• Infectious diseases: Increasing temperatures can change the geographical distribution of some mosquitoes, carrying infectious diseases.
  • Respiratory problems: Increasing temperatures bring a longer pollen season and increased fire risk, associated with increases in respiratory problems.
  • Cardiac (heart) problems: Heat is linked to worsening of heart problems and to an increase in overall death rates [3][5], and [6].
  • Heat stroke: Extreme temperatures can cause heat stroke. Young children, older adults, those with a chronic disease, and people working outdoors are especially at risk.

Effects on vulnerable populations

Populations that are more vulnerable to temperature-related health effects are: 

Combining temperature (Movie 1) and population data (see Population Vulnerability for more information) shows that Northland, the east coast of the North Island, and parts of the Bay of Plenty are likely to be regions where people will be particularly affected by the health effects of temperature increases. For example, many Māori live in the north and east of New Zealand, where hot days are projected to increase [2]. There are also high numbers of older people over 85 years living in northern and eastern areas such as Christchurch city, Auckland city, Whangarei and Hastings.

Information about the data

Number of hot days and number of cold days

Source: CliFlo. NIWA's National Climate Database

Definition: Climate station data of the daily maximum and minimum temperatures from around New Zealand was sourced from the National Climate Database CliFlo, a web services provided by the National Institute of Water and Atmospheric Research (NIWA). One climate station was selected per territorial authority, based on their proximity to the population-weighted centroid of each TA (2018 Census data). The number of hot days (days with a maximum air temperature above 25°C) and the number of cold days (days with a minimum temperature below 0°) was counted for each year by TA. Only years with more than 90% of valid data were counted. Data was compared to the most recent Climate Normal Period, 1981-2010, where the 30-year average acts as a benchmark against which more recent observations can be compared to.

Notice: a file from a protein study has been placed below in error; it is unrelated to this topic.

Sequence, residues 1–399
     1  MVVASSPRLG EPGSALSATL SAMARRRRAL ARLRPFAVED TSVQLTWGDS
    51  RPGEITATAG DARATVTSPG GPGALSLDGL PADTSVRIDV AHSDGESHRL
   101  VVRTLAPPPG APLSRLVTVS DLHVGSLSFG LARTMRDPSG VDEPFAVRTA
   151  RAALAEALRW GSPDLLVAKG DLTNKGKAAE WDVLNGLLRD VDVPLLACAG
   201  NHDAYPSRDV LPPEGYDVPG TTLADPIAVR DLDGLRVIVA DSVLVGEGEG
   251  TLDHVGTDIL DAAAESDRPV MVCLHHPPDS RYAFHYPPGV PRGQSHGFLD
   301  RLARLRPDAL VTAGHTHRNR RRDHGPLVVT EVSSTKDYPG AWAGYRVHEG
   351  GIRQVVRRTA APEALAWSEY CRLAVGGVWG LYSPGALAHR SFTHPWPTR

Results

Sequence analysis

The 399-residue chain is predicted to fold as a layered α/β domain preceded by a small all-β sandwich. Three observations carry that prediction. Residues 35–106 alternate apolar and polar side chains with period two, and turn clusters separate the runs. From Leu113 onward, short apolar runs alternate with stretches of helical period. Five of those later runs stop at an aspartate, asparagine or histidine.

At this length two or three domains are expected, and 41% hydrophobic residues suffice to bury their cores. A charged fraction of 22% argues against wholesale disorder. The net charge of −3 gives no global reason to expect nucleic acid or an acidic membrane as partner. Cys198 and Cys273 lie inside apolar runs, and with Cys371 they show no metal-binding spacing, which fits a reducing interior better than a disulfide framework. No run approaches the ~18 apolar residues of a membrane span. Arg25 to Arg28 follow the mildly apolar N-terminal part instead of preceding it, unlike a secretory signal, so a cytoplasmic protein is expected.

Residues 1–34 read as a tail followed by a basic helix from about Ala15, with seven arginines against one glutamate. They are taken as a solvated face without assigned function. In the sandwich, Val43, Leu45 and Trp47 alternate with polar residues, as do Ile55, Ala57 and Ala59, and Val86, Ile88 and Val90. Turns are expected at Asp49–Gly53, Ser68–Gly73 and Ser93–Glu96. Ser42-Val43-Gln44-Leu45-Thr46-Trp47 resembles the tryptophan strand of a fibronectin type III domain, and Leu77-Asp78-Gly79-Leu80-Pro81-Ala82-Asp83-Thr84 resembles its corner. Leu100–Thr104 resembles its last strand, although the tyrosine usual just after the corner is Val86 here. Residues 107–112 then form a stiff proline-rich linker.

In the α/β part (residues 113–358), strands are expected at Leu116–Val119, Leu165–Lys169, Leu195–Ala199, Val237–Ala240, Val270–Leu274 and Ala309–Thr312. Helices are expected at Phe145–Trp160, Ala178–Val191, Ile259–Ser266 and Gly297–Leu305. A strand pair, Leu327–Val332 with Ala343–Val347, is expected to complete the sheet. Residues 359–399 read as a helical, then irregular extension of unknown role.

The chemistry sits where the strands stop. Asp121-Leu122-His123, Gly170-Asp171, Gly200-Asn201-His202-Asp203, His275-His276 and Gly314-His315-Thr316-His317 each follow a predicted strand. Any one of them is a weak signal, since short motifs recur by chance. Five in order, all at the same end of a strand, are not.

References

  1. NIWA. nd. ‘Seven-station’ series temperature data. URL: https://www.niwa.co.nz/our-science/climate/information-and-resources/nz-temp-record/seven-station-series-temperature-data (accessed 20 April 2021).
  2. Ministry for the Environment. 2018. Climate change projections for New Zealand: Atmospheric projections based on simulations undertaken for the IPCC 5th Assessment. 2nd Edition. Wellington: Ministry for the Environment.
  3. Smith KR, Woodward A, Campbell-Lendrum D, et al. 2014. Human Health: Impacts, Adaptation, and Co-Benefits. In: Barros VR,  Field C, Dokken D, et al (eds). Climate Change 2014: Impacts, Adaptation, and Vulnerability Part B: Regional Aspects Contribution of Working Group II to the Fifth Assessment Report of the Intergovernmental Panel on Climate Change (pp. 709-754). Cambridge, United Kingdom and New York, NY, USA: Cambridge University Press.
  4. Britton E, Hales S, Venugopal K, et al. 2010. Positive association between ambient temperature and salmonellosis notifications in New Zealand. Australian and New Zealand Journal of Public Health 34(2): 126-9. DOI: 10.1111/j.1753-6405.2010.00495.x (accessed 23 October 2018).
  5. Hales S, Salmond C, Town GI, et al. 2007. Daily mortality in relation to weather and air pollution in Christchurch, New Zealand. Australian and New Zealand Journal of Public Health 24(1): 89-91. DOI: 10.1111/j.1467-842X.2000.tb00731.x (accessed 23 October 2018).
  6. McMichael AJ, Woodruff R, Whetton P, et al. 2003. Human health and climate change in Oceania: A risk assessment. Canberra: Commonwealth of Australia.
  7. Lal A, Hales S, Kirk M, et al. 2016. Spatial and temporal variation in the association between temperature and salmonellosis in NZ. Australian and New Zealand Journal of Public Health 40(2): 165-9. DOI: 1111/1753-6405.12413 (accessed 9 February 2021).

Interested in more information?

Carolin Haenfling

Phone +64 4 979 3119 (ext 63119)